Ice cream buyers like Lana Bradley of Champaign, Ill., say he's right to be wary of price-conscious customers. She shopped Thursday at a Schnucks grocery store in Champaign with a list full of sale items on a clipboard. Her ice cream, a seasonal flavor she really likes, wasn't among them, but she said the price — almost $5 a half gallon — was about as much as she'd pay.
"It is quite good," the retired grandmother said, nodding toward the carton in her cart. "(But) I probably wouldn't buy it if it went up any higher than it is now."
High-end ice creams, however, have carved out a niche for themselves during the recession and now-stalled recovery, said Larry Finkel, the food and beverage research director for the market research company Packaged Facts in New York. The products represent a form of affordable luxury, a treat that stands in for more expensive indulgences, such as travel or electronic toys.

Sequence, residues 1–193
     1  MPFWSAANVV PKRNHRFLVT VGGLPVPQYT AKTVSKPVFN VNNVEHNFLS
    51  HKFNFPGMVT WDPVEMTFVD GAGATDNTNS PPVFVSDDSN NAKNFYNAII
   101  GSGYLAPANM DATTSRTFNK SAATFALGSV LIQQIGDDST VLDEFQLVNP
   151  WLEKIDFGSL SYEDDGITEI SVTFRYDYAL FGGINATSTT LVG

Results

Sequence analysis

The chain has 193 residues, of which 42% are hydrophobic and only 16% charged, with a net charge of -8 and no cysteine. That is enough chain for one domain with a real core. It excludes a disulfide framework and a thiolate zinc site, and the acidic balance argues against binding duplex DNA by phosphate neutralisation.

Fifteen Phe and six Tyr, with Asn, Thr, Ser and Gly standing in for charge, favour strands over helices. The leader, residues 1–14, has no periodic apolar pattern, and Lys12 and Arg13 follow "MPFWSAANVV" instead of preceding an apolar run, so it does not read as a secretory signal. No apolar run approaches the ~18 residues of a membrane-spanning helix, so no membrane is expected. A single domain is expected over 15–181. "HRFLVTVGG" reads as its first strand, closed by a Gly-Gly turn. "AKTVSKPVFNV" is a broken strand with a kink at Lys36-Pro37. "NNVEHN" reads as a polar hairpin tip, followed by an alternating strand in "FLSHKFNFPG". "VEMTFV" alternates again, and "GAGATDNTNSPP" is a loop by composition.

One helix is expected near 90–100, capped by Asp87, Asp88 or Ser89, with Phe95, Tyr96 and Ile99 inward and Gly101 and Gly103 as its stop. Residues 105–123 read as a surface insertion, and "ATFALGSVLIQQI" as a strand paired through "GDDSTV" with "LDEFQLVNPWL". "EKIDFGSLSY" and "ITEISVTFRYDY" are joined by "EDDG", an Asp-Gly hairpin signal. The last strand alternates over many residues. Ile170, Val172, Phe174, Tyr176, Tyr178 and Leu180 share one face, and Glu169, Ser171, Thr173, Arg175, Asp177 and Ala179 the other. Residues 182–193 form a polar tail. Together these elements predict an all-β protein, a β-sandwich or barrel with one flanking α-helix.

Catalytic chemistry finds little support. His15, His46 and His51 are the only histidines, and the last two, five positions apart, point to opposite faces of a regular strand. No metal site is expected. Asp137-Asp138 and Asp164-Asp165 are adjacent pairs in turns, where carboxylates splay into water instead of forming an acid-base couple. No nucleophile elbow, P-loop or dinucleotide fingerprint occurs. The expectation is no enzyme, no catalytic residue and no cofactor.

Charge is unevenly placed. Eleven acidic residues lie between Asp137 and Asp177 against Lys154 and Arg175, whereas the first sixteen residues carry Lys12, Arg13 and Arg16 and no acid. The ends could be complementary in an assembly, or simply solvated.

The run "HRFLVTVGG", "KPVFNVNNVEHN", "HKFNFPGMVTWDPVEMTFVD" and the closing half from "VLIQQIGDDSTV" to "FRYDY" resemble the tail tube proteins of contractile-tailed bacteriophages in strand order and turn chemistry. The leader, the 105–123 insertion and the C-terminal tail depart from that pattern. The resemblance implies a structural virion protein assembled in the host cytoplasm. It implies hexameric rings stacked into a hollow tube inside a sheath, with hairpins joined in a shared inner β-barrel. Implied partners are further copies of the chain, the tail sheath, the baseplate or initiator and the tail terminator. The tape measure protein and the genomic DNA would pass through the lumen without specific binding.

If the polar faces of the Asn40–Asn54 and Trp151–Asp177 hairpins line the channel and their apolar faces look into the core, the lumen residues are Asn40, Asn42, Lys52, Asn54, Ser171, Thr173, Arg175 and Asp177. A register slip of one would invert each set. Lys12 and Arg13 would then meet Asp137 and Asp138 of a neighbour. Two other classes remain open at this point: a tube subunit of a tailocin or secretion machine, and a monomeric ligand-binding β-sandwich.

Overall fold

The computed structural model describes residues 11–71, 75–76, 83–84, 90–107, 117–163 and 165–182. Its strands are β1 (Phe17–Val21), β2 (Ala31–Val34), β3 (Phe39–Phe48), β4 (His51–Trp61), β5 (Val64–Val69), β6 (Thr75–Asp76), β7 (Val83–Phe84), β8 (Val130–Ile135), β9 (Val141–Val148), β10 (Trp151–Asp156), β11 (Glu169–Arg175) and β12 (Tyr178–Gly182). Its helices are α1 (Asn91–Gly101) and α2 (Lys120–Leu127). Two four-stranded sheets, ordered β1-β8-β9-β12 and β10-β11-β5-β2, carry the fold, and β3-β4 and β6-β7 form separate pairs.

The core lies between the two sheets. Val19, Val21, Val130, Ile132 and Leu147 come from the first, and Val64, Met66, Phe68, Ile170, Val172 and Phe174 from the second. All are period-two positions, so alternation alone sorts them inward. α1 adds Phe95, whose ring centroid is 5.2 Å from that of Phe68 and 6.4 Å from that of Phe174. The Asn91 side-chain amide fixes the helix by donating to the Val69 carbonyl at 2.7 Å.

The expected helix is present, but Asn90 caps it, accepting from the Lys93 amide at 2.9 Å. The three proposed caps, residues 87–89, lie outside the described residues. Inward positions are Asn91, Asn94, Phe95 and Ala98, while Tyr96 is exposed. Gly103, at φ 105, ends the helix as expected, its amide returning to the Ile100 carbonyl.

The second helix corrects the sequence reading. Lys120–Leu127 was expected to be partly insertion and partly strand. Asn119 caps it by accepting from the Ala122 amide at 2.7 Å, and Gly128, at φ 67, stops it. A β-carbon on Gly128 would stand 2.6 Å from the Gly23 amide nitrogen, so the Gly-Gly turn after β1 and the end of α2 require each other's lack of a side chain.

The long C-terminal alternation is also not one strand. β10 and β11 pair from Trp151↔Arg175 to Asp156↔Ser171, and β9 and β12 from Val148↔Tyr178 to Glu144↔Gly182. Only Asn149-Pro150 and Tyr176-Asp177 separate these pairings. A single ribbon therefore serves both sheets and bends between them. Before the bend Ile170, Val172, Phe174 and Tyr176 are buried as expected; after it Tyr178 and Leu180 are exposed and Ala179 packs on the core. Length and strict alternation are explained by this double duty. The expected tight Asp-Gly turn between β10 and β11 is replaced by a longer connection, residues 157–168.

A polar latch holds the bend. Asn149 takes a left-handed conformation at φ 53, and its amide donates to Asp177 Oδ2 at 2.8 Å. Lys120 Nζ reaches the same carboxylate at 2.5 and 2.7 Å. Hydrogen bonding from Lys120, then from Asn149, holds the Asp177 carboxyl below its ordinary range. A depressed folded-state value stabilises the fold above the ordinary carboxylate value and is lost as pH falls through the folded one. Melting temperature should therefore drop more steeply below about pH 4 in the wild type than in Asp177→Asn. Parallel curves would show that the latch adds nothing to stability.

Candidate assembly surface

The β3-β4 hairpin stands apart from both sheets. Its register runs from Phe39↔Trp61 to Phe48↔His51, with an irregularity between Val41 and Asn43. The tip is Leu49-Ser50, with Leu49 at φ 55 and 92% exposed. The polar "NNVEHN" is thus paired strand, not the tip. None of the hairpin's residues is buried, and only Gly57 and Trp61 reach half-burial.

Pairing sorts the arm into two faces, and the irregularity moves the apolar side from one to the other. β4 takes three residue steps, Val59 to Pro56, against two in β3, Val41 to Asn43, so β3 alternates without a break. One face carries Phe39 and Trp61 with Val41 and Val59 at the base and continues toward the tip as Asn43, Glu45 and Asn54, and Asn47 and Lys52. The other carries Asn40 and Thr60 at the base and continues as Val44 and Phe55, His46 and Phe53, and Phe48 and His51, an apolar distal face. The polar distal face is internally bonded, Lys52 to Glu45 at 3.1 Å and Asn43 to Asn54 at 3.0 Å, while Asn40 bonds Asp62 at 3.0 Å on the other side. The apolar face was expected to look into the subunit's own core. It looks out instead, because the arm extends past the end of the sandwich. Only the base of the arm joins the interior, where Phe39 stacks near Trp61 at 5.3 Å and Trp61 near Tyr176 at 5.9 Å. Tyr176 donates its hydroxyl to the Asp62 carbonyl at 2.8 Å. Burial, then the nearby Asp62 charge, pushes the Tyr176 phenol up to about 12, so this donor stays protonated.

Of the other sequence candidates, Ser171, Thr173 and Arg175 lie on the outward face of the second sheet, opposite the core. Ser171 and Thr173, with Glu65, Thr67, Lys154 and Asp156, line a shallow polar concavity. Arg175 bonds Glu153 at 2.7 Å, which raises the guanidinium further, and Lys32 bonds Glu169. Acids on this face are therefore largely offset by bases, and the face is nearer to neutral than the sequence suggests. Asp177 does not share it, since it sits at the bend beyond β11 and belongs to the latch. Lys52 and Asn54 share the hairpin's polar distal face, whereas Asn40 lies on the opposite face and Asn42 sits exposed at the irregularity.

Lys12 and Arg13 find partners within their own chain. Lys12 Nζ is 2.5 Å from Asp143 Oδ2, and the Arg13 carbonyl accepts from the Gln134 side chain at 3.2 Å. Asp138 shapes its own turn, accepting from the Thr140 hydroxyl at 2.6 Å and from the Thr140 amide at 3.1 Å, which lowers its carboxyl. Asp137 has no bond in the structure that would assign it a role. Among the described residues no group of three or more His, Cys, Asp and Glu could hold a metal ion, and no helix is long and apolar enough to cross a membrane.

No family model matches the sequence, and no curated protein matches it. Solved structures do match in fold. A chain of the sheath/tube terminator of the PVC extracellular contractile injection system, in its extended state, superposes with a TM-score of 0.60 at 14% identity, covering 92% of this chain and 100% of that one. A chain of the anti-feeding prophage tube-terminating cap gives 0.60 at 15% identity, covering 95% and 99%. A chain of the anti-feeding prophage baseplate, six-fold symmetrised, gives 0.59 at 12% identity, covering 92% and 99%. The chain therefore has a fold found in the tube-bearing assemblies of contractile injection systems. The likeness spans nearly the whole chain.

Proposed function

"I think of Graeter's ice cream," Finkel said, referring to the 141-year-old Cincinnati company that only recently started selling nationally. "They use premium ingredients and they charge a good healthy amount of money for a pint of ice cream — and it becomes a good healthy kind of planned indulgence."
But even companies that charge a premium for their pints say they aren't making much money. Jeni's Splendid Ice Creams runs just shy of $10 a pint, but CEO John Lowe said much of that goes toward the ingredients.
"Grass grazed cows," Lowe said, explaining where some come from. "We direct ship in from Uganda these amazing vanilla beans."
The cost, he said, adds up. But the Columbus, Ohio-based company won't bet customers will pay more.
"We have worked hard not to raise prices and in the last year have not done so," he said, explaining that Jeni's has tried to save money elsewhere, on transportation in particular. "But the increase in commodities and fuel does impact the bottom line. We joke that we work in not a not-for-profit, but a low profit."
Back at the Schnucks grocery in Champaign, most shoppers in the ice cream aisle said they look for sales these days and buy based on price. Most said they'd probably give up ice cream if the cost went up too much.
But when pressed, a few reconsidered and said even a sharp price jump wouldn't change their habits.
"Usually every week, we usually get some vanilla or something like some mint-chocolate chip," said Randy Rowe, 53, of Champaign. He paused to think about whether he'd skip ice cream. "Probably not."
Copyright 2011 The Associated Press.